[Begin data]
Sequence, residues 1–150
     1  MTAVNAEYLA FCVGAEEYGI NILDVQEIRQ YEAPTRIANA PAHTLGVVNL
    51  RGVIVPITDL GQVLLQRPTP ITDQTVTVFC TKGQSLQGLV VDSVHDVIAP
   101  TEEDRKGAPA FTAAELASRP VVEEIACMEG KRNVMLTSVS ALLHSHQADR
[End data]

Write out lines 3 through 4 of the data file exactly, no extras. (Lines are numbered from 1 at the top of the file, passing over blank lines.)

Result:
    51  RGVIVPITDL GQVLLQRPTP ITDQTVTVFC TKGQSLQGLV VDSVHDVIAP
   101  TEEDRKGAPA FTAAELASRP VVEEIACMEG KRNVMLTSVS ALLHSHQADR